2. Ask reverse questions.
  3. Ask attack questions.
  4. Ask subjective questions.

There’s nothing  worse than participating in an audit or survey and then being left in the dark when it comes to results. Ask “How did I do?”

It’s important  to be sure you have a structured process for reviewing results with participants. Have the material and insights on hand to provide clarification there and then including concrete recommendations for improvement. (workersxzcompxzkit)

Feedback: So how did I do?

  1. Review results with participants.
  2. Provide recommendations.
  3. Educational material.

Author Rebecca Shafer, J.D, Consultant, Amaxx Risks Solutions, Inc. has worked successfully for 20 years with many industries to reduce Workers’ Compensation costs, including airlines, healthcare, manufacturing, printing/publishing, pharmaceuticals, retail, hospitality and manufacturing. She can be contacted at:  RShafer@ ReduceYourWorkersComp.com or 860-553-6604.

Podcast: KNOW the New OSHA Recordkeeping Rules — OR Risk Fines and Criminal Penalties. Click Here:   http://www.workerscompkit.com/gallagher/podcast/Non_Compliance_with_Recordkeeping_Standards/
 

Do not use this information without independent verification. All state laws vary. You should consult with your insurance broker or agent about workers' comp issues.
 
©2009 Amaxx Risk Solutions, Inc. All rights reserved under International Copyright Law. If you would like permission to reprint this material, contact Info@ReduceYourWorkersComp.com 

Five Items That Drive Workers Compensation Medical Costs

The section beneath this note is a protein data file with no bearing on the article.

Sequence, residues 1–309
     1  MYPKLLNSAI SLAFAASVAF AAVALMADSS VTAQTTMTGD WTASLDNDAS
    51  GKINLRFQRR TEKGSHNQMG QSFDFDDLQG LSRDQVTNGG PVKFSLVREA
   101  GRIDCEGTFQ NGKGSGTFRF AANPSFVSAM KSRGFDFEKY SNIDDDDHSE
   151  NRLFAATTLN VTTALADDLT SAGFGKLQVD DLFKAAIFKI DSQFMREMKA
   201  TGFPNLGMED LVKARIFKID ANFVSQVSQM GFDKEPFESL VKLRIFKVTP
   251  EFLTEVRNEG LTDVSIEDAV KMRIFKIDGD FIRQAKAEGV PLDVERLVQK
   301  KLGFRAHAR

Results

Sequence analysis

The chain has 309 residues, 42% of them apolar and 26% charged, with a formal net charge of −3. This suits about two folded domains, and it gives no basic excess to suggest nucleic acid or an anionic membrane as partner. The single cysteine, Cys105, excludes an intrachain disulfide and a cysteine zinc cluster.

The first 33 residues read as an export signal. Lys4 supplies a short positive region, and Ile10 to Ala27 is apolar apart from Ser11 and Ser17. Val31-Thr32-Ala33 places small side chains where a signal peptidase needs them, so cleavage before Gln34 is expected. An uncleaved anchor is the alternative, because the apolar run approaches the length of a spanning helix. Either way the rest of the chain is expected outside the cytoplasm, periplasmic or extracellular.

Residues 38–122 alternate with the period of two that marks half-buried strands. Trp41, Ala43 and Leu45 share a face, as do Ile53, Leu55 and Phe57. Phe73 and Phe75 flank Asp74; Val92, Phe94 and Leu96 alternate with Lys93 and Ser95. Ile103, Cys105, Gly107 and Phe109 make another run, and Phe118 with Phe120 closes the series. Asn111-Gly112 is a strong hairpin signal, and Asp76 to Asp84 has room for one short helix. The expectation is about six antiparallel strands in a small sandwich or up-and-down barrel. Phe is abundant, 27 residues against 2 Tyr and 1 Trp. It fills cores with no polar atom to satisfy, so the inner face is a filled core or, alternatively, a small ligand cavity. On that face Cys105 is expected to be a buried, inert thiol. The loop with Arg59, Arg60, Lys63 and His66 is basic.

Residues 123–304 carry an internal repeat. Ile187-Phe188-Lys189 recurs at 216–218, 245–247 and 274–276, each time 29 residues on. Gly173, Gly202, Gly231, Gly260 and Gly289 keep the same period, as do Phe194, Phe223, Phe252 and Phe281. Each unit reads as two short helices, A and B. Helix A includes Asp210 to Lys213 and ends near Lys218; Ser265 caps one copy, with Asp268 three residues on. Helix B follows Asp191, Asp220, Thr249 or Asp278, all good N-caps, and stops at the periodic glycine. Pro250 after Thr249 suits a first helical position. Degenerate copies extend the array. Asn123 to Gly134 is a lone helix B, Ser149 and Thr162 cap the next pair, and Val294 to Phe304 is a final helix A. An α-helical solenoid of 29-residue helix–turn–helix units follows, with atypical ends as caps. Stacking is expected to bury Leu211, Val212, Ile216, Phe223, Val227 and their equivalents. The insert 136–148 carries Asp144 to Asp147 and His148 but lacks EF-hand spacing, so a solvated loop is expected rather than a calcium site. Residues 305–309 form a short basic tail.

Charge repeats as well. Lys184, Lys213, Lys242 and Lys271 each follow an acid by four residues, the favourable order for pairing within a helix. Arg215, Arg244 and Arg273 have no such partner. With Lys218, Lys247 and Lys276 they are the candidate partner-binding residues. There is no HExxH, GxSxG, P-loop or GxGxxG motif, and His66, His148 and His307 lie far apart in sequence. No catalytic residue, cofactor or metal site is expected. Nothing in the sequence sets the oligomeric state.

Study Finds Medical Costs Rise

Medical costs  per workers’ compensation claim in Wisconsin shifted from being lower than other study states to being typical. A study by Workers’ Compensation Research Institute (WCRI)  (CompScopeTM Medical Benchmarks for Wisconsin, 9th Edition) found Wisconsin employers paid lower costs per claim than the median of 14 study states 2001 injuries with experience through the first quarter of 2004.

However,  by 2004/2007 Wisconsin employers paid typical medical costs per claim compared to the other 14 study states.

WCRI attributed  Wisconsin’s shift in the average medical costs per claim compared to the study states to:

1.  Faster growth  in the medical costs per claim.

2.  Being  among the highest non-hospital prices paid and hospital outpatient payments per service.

3.  Medical costs per claim rose more rapidly.

4.  Over a  period of five years (2001/2002 to 2006/2007) Wisconsin experienced a 70% growth in medical costs per claim vs. a rise in study states of 47% to 54%.

5.  The main  cost drivers were rapid growth in prices paid for non-hospital services and hospital outpatient services.

It was found employers paid among the highest prices for many procedures performed in a non-hospital setting, such as:

WI:    Nonhospital established patient office visits:  $95.  (Most frequently billed service.)
SS:      62, median study state.
DIFF:  $33.

WI:     Arthroscopic knee surgery:  $3,035 (most common procedure).
SS:      $1,336, typical study state.
DIFF:  $1,699.

WI:     MRI:  $1,997.
SS:      $805, median study state.
DIFF:  $1,192.

Not only  did the study find Wisconsin paid substantially higher prices in the typical study state, but, compared to Iowa and Indiana (study states not regulating prices) they were also higher.  In general, higher non-hospital prices were offset by lower utilization of medical services. Similar conclusions apply to hospital outpatient services.

Despite these  higher prices workers reported faster recovery and return to work and better access and satisfaction with care.

WCRI  observed might be reasonable for an employer to pay higher costs if workers experience improved outcomes over time. WCRI is currently conducting a survey of injured workers in Wisconsin to address this question.

For the period 2006/2007 WCRI reports:

1.  Medical  costs per claim increased by 11%, driven by growth in costs per claim to both non-hospital and hospital providers.

2.  Medical  cost per claim for non-hospital services grew as a result of a 5% increase in prices paid and a 5% increase of medical services utilization. (workersxzcompxzkit)

3.  Hospital  outpatient cost per claim grew 10%, driven by a 6% increase in the average payment per service and 4% growth in number of services per claim. These growth rates were similar to the rates in previous years.